I have heard from several PR folks that we're in a league of our own. Mom bloggers tend not to return high-priced products like electronics and jewelry, but newspaper reporters and magazines return merchandise all of the time.
Do you think mom bloggers should adopt a similar policy; that product samples worth over, say $150, should be returned to companies?
Blogging is entirely different from traditional journalists, who are paid to write. My personal policy is not to return any products that I receive for review, no matter what the price. I know some companies have a specific policy that all products must be returned.
I know this is Apple's policy, and it is why I declined to review a computer for them. I was concerned about the liability involved, which is much different that it would be for a traditional tech journalist. A traditional journalist would probably take the computer out, run a couple of operations and write a review with very little risk of damaging the computer, spilling something on it, etc. I, on the other hand, would have to review it based on everyday use, how it stood up to family life, etc. I'm not a tech blogger, so I would have to write it based on how it would work for the average person. I didn't want to take any chances with it.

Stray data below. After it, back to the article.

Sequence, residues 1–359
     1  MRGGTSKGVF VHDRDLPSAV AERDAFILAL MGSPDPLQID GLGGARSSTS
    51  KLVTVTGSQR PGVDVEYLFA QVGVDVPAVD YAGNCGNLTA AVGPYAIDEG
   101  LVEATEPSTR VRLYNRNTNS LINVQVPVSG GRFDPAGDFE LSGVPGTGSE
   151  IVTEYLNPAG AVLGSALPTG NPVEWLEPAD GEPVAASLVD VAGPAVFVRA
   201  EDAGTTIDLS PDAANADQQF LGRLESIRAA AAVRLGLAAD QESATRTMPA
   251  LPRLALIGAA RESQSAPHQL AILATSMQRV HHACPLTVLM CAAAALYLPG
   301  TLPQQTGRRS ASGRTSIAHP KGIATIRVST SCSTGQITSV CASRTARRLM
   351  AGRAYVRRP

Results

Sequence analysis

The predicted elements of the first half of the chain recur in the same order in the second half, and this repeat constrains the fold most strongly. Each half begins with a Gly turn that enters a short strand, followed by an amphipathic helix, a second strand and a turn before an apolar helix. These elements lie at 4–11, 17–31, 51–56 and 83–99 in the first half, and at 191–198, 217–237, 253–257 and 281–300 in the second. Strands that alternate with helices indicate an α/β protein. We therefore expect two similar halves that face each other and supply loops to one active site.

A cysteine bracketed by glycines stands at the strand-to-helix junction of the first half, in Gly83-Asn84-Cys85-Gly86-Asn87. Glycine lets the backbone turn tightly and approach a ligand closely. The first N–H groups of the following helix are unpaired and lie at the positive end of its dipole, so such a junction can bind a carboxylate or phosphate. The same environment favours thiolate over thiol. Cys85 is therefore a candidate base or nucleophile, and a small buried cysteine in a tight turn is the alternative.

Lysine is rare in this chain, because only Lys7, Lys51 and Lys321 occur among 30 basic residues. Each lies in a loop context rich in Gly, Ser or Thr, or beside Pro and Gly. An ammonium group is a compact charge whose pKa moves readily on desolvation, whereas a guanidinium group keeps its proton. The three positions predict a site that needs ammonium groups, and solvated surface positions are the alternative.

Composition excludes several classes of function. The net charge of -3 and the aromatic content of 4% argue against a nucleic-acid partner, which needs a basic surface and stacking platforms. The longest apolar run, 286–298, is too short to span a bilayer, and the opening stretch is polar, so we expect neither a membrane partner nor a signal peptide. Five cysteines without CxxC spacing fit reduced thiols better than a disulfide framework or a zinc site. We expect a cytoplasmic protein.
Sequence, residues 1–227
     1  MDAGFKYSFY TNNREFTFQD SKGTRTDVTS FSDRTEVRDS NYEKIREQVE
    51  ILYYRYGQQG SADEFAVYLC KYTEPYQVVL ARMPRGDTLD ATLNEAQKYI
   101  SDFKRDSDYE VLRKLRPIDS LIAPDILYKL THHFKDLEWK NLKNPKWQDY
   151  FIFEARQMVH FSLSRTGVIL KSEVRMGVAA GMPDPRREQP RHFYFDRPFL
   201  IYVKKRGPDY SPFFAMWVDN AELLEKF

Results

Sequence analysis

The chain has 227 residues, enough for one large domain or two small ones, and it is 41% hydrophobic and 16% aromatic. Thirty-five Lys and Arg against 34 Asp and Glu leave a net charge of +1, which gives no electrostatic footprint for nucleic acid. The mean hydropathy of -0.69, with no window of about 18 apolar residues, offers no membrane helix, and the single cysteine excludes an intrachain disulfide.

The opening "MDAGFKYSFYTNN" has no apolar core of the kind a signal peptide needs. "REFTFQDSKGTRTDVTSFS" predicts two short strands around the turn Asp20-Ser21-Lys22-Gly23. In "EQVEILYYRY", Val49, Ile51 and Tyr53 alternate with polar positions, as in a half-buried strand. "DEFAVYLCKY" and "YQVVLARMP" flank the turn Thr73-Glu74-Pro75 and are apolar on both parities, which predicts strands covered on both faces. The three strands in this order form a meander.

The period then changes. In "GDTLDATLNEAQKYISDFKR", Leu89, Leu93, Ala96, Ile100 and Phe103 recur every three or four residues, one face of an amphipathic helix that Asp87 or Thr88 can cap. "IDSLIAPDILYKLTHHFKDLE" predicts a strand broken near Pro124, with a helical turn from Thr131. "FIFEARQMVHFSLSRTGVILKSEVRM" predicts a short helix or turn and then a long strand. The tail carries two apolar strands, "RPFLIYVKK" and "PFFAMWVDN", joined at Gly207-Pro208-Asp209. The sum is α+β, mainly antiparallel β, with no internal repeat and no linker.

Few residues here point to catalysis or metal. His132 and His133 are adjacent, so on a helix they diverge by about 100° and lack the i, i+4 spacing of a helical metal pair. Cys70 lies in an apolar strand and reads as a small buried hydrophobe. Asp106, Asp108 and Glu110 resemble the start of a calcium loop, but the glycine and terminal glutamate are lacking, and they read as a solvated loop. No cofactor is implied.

I may make exceptions for really high-value products -- like a car -- that would be unreasonable to keep. But in general, I don't return products. I consider it to be compensation for the buzz, and I clearly state that on my site.
In general, my policy is to not return samples. I will make exceptions if asked (i.e. for new business owners and/or really high priced items) if return postage is included. I have no intention of revising my overall policy though!
I think that if companies want their products returned, they should pay for a "sponsored post" on blogs that accept paid
I can't see returning the items either. There are some things like maybe a car where I can see if they offered to let you test drive it for a few weeks maybe - but I'm not even sure I would want to go there because of all the insurance issues, etc. That would all have to be covered by them and not have anything to do with my personal insurance and stuff.